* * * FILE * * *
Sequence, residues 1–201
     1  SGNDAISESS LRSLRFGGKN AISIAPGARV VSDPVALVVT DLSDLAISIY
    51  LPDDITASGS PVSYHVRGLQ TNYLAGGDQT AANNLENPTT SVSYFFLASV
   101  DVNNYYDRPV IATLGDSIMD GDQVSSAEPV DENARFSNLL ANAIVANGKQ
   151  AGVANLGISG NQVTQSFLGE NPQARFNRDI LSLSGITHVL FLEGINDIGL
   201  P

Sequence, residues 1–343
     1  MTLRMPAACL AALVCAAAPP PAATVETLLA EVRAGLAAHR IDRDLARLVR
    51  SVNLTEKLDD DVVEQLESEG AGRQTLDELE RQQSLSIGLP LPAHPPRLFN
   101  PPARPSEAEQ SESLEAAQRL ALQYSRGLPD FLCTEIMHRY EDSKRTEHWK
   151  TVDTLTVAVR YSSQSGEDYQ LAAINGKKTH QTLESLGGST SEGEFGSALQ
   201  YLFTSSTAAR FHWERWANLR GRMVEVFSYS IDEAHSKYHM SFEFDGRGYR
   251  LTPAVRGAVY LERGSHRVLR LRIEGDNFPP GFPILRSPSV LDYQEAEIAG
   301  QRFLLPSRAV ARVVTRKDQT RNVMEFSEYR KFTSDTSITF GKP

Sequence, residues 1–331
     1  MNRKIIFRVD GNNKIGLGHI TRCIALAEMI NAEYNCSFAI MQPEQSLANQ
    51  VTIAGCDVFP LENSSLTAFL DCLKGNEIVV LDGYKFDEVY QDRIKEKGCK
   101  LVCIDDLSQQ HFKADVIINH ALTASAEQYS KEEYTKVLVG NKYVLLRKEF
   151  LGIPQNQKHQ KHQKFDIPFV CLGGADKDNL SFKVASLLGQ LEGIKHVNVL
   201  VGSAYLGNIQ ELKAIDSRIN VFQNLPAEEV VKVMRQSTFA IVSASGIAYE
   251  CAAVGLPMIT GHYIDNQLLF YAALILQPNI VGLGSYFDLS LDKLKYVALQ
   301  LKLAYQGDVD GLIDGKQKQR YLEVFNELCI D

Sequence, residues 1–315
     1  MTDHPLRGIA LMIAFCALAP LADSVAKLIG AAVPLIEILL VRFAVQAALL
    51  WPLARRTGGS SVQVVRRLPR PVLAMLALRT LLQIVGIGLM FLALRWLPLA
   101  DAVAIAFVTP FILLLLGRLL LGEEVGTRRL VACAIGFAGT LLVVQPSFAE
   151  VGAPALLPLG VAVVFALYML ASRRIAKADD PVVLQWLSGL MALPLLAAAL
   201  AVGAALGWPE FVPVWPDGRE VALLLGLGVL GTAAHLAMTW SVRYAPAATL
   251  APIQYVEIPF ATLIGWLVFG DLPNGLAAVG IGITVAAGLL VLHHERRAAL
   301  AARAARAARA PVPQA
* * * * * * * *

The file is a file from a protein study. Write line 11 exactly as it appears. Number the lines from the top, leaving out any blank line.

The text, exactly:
   151  TVDTLTVAVR YSSQSGEDYQ LAAINGKKTH QTLESLGGST SEGEFGSALQ